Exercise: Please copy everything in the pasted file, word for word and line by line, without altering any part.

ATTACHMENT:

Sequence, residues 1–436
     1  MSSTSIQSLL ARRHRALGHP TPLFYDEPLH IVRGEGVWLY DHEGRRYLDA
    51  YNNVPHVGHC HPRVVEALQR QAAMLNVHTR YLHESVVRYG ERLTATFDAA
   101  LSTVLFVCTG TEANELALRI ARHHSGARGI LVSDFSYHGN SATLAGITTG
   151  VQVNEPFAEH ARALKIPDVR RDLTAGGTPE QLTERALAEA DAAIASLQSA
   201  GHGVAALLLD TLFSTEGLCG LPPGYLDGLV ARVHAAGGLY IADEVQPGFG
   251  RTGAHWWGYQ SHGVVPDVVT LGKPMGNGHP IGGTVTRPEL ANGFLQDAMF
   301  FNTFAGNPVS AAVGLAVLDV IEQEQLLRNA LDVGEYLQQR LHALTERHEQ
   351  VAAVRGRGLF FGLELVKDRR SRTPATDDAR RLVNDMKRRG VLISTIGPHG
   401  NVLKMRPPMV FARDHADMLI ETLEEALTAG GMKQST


Sequence, residues 1–436
     1  MSSTSIQSLL ARRHRALGHP TPLFYDEPLH IVRGEGVWLY DHEGRRYLDA
    51  YNNVPHVGHC HPRVVEALQR QAAMLNVHTR YLHESVVRYG ERLTATFDAA
   101  LSTVLFVCTG TEANELALRI ARHHSGARGI LVSDFSYHGN SATLAGITTG
   151  VQVNEPFAEH ARALKIPDVR RDLTAGGTPE QLTERALAEA DAAIASLQSA
   201  GHGVAALLLD TLFSTEGLCG LPPGYLDGLV ARVHAAGGLY IADEVQPGFG
   251  RTGAHWWGYQ SHGVVPDVVT LGKPMGNGHP IGGTVTRPEL ANGFLQDAMF
   301  FNTFAGNPVS AAVGLAVLDV IEQEQLLRNA LDVGEYLQQR LHALTERHEQ
   351  VAAVRGRGLF FGLELVKDRR SRTPATDDAR RLVNDMKRRG VLISTIGPHG
   401  NVLKMRPPMV FARDHADMLI ETLEEALTAG GMKQST